Above: inside the church of St. Barnabas the Apostle. Parish Website.
In 2013, St. Barnabas the Apostle Parish in O’Fallon, MO—about 40 minutes outside of St. Louis—was dying. The pastor, Fr. Ray Hager, was told that the parish would be closed in about five years unless things turned around quickly.
In response, Fr. Hager introduced the regular celebration of the Traditional Latin Mass. Over the course of the next decade, the TLM grew rapidly until a majority of the parish consisted of those who attended the old rite. In 2021, St. Barnabas received converts into the Church for the first time in five years. They were all TLM attendees.
St. Barnabas was transformed—literally—by the Latin Mass. It completed the construction of a beautiful new high altar in 2018. At the time, an official publication of the Archdiocese of St. Louis hailed the renovation as “an extraordinary work of art.” Included in the renovation was “a newly constructed wooden altar, statues, reredos, communion rail, ambo, side shrines and new marble flooring, made possible in part by help from parishioners and donations”—especially those of the burgeoning TLM community. Indeed, Fr. Hager said that the transformation was sparked by the need for a new communion rail. It was the first renovation for St. Barnabas in 37 years. The Archdiocese noted that many Sundays, “the Latin Mass is the most well-attended, with an average of 150-200 people, largely younger families.” St. Barnabas continued to offer two Novus Ordo Masses. As Fr. Hager noted, the Latin Mass, alongside the reverent celebration of the Novus Ordo Mass, had transformed the parish—just as Pope Benedict XVI intended with Summorum Pontificum.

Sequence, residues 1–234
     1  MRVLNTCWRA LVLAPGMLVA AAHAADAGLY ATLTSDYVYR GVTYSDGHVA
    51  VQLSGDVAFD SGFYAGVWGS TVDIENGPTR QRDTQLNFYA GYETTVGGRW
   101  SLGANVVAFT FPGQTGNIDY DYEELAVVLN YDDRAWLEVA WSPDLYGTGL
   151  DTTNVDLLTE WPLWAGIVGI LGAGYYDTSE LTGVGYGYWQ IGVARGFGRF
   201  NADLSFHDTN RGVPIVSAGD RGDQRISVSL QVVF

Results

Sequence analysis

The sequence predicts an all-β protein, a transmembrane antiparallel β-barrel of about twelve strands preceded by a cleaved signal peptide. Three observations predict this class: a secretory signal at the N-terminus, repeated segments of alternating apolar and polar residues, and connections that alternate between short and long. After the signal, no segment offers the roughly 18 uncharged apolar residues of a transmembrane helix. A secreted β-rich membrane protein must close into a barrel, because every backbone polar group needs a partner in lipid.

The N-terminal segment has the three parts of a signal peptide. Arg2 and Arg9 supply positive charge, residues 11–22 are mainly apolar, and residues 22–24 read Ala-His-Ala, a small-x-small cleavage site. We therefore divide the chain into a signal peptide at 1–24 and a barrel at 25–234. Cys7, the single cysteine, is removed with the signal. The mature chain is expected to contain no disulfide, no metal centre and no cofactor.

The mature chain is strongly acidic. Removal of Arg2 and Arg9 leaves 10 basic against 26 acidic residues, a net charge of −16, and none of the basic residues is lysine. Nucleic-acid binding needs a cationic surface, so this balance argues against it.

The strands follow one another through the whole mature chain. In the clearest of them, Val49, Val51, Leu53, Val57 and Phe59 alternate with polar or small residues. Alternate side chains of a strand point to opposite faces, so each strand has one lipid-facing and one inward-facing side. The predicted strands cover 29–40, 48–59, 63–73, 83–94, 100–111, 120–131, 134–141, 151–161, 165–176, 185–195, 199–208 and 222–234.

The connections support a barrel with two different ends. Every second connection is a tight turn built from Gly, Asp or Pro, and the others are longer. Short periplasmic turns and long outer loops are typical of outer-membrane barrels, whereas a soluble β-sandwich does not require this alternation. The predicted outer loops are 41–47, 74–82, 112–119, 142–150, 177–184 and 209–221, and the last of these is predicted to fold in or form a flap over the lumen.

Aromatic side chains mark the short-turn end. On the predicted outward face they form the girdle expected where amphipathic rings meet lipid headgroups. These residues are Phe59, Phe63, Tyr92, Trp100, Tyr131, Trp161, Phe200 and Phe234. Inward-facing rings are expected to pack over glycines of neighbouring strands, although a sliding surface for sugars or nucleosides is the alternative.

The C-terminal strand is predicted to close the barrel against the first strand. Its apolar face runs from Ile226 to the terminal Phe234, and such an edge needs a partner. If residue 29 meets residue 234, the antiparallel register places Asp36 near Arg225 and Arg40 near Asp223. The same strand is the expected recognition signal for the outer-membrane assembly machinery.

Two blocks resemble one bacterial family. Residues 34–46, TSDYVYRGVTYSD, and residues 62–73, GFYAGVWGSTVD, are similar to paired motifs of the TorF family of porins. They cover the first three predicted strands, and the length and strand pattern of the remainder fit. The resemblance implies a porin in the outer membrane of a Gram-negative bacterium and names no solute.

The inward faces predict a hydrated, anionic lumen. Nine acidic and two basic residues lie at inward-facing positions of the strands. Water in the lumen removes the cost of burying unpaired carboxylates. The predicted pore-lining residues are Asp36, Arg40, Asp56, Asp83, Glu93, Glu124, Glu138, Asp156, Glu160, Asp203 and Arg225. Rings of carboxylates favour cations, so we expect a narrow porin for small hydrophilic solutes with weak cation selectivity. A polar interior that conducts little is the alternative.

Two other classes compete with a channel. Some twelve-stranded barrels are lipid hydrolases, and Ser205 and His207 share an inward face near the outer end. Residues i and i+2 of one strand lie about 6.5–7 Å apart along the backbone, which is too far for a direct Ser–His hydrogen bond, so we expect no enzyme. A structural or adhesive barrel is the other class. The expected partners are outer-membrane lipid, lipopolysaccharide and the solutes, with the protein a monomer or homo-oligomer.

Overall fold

But, alas, things changed. In March 2021, Father Hager’s renovations, hailed by the Archdiocese in 2018, came under scrutiny from the same Archdiocese. Father Hager had not sought “proper approvals,” it claimed, nor had he followed the “direction” given by his superiors. He was given a choice: transfer to another parish, away from his 94-year old mother whom he cared for, or retire. Father Hager chose retirement. In his farewell homily in late April 2021, he told his flock, “I only did what I did to glorify Our Lord, Jesus Christ,” he said. “If this is my sin, if this is my crime, I do not regret it.” He closed by telling his parishioners, “I love you” and asking them to pray for him. Understandably, his congregation was devastated. The writing was on the wall for the Latin Mass at St. Barnabas.